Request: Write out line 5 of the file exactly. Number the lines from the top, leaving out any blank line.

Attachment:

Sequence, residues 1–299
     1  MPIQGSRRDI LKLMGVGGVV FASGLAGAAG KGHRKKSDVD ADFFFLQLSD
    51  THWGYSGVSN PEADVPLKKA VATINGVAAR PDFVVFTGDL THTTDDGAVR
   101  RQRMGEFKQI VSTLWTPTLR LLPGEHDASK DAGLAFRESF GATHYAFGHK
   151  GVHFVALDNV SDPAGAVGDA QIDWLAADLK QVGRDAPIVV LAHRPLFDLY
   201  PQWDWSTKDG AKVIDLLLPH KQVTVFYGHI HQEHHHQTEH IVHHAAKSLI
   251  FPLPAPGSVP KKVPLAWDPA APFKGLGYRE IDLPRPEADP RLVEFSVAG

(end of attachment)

   151  GVHFVALDNV SDPAGAVGDA QIDWLAADLK QVGRDAPIVV LAHRPLFDLY